Grapher - Collection Relationship Manager + GraphQL Like Data Fetcher

Unless you store your dynamic fields in a nested object or something, nope. There is no way.

Thanks, I’ll implment it that way.

Hello folks,

I actually read every message in this thread: over 1.5 years. Very educational!

I am just getting into this graph business. Currently looking at Apollo, and my thought currently is: why the hell am I doing this? So much boiler plate! So much esoteric code!

Sometime last year, I wrote an article on “Why I feel in love with Meteor”…I am a reasonably intelligent fella, but had no JS or web application experience until a couple of years ago. I stood up a production app in 10 days… Learning JS, Meteor, and all…Meteor helped me do that.

I feel that if I had started with Apollo, nothing against it but my stupidity, I would still be lost.

So, here is my question…I am starting a new project… And started wading into Apollo… In fact trying out the meteor-Apollo integration by @diaconutheodor. And my client is react-native. But is this the right way to go?

I want the reactivity of meteor, but want to control it. I want the query capability of graphql. I want the accounts system of meteor and connection reactivity. I want the minimal boilerplate of meteor.

Grapher is starting to sound real good to me right now, but how is does it relate to cultofcoders:apollo?

Why am I even messing with graphql when grapher could potentially do it for me?

What am I missing? Forgive dumb questions from a graph newbie…

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Hello @ujwal

First of all, thanks for your patience of reading this giant-ass thread :smiley:

What I managed to prove with the latest performance reports (https://github.com/theodorDiaconu/grapher-performance) is that Grapher blends in with Apollo, it makes you write much less code, and you have a lot of performance benefits, this is something you rarely see in programming world.

Now, you have to understand that while Grapher shares some similarities with GraphQL in the sense of requesting data, they are worlds apart in terms of their objective and functionality. One is a relationship manager the other is a data layer.

Now the question is not whether to use Grapher or not (the answer is clearly yes), it’s whether you want to use Apollo/GraphQL. My answer is you should look into it. I also thought Apollo is complicated, hard to understand, to learn, but it’s false. Look again at grapher-performance repo I pasted above, look how elegantly the collections and relationships are done:

This is done by using GraphQL directives, and believe me when I say they are very powerful.

The main issue I had is that, to implement something reactive in GraphQL it was so damn hard, I missed the elegance of Meteor. But with a little bit of work, faith and powering through we brought it here:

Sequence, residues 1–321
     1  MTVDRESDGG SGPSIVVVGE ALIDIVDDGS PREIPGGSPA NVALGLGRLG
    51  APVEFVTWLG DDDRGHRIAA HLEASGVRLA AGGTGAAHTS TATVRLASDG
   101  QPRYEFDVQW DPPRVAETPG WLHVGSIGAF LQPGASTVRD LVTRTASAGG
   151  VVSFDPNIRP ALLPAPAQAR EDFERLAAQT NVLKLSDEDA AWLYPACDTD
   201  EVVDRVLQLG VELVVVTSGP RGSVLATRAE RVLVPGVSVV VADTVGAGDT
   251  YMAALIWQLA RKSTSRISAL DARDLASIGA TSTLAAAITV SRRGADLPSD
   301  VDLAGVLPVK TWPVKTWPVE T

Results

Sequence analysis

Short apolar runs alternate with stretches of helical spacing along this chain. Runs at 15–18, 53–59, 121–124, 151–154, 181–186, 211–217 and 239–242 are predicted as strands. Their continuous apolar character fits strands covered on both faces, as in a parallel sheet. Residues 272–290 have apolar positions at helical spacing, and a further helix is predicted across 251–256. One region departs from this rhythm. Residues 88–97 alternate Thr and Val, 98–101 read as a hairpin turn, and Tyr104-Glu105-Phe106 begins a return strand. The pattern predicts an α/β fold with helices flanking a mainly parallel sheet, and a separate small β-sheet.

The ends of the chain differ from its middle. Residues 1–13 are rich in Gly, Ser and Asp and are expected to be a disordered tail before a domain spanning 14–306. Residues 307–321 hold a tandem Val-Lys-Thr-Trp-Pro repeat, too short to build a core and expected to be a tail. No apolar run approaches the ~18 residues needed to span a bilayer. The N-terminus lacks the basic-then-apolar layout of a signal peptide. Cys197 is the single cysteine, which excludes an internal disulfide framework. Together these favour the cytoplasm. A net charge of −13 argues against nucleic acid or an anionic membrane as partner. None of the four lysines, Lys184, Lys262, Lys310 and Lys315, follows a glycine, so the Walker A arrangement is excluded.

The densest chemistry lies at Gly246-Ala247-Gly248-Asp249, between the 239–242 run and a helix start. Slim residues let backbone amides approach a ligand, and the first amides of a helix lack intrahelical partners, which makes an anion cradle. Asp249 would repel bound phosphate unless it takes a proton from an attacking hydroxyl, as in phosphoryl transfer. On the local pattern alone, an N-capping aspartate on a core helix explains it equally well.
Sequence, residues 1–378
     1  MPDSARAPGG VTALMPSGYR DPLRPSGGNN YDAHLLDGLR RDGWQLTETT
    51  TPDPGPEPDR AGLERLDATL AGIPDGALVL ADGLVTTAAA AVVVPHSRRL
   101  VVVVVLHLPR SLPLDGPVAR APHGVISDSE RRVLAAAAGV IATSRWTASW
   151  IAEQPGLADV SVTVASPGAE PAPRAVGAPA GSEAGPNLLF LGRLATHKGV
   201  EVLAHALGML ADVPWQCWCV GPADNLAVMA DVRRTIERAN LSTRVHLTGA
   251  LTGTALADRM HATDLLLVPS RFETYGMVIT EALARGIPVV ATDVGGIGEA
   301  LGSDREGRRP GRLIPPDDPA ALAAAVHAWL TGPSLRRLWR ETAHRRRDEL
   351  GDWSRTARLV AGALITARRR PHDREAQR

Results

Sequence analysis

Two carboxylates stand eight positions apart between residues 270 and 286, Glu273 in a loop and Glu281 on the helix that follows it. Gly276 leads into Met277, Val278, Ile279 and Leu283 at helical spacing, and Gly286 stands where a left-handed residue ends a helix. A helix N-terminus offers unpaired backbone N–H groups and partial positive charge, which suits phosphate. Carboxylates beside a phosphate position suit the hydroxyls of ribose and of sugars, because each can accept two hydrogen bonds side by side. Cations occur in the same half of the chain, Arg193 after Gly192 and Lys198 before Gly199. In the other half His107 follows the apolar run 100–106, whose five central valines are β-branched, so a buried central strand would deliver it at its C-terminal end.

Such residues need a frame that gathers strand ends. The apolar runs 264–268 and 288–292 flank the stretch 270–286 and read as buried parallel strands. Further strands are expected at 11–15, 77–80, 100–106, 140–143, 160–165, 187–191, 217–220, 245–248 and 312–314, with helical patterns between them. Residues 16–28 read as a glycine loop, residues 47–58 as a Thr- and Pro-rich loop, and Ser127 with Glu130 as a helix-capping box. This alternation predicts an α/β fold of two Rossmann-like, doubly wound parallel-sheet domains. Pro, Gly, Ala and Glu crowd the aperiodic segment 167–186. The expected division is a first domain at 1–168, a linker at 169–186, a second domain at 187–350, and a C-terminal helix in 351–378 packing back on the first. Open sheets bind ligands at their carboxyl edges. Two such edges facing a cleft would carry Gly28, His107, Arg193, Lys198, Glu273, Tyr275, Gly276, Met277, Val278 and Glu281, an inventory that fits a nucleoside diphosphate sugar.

I think this is far more elegant in the sense that you get the benefits of GraphQL for subscriptions. The only things missing are the “Reactive Data Graphs”. While they may get on the roadmap, the biggest problem with those are the fact they are performance hogs, I highly recommend against (because I know what’s happening behind the scenes), however, with a little bit more code, you can benefit from this in apollo-live-server npm package and configure things how you want.

Thanks @diaconutheodor! I will continue pushing ahead with your Meteor/Apollo package. At least now I have my react-native client talking to the server :smiley:

If there is no integration, then how can one apply the Grapher methods (e.g., createQuery, addLinks, etc. ) to Astronomy Classes instead of Mongo Collections? :thinking:

Thanks in advance for clarifying this point .

@Jacques there must be a way to get the Mongo.Collection instance from the Astronomy Class, and you can play with that one directly.

Perhaps but then you loose the class-based object-oriented abstraction to manipulate the database which is the main purpose of Astronomy if I understood well.

Well, I think this is a question for Astronomy maintainers, rather than Grapher. I’m not familiar with the internals, however from my experience I try to move away from OO abstractions of DB, they do more harm than good in the long-run. Cheers

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Can we have an update about Grapher? Is it current? Actively maintained? VS Apollo? etc. Thanks

Ofcourse it is maintained. And works together with Apollo beautifully!

@diaconutheodor just checking in if you’re still recommending Grapher… it looks really interesting.

One of the reasons I ask, is I tried running redis but ran into issue with PublishComposite, which we use pretty heavily. And was of the recommendations was to avoid publish composite https://github.com/cult-of-coders/redis-oplog/issues/352#issuecomment-601830807

in your video you mentioned the package is based on PublishComposite, so wondering if I should look at this or if you have any newer approaches.

The other reason, was just looking at last updates was several months back, so thought I’d check before I went down this path.

thanks

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PublishComposite can become very heavy. Use it with precaution. Grapher is still solid if you want to take part of the full Meteor ecosystem with DDP and stuff.

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Thanks @diaconutheodor. Are you guys still pushing Meteor as strongly?

Yes. It is the most advanced server-side bundler out there. We are using the thin yet very powerful part of Meteor for Backend using Apollo & TypeScript and almost no Meteor packages (as we want to embrace the full npm ecosystem and we believe that Meteor will soon adopt this change too in the future)

For frontend we are using Webpack + React & Typescript, (sometimes Preact for TV apps).

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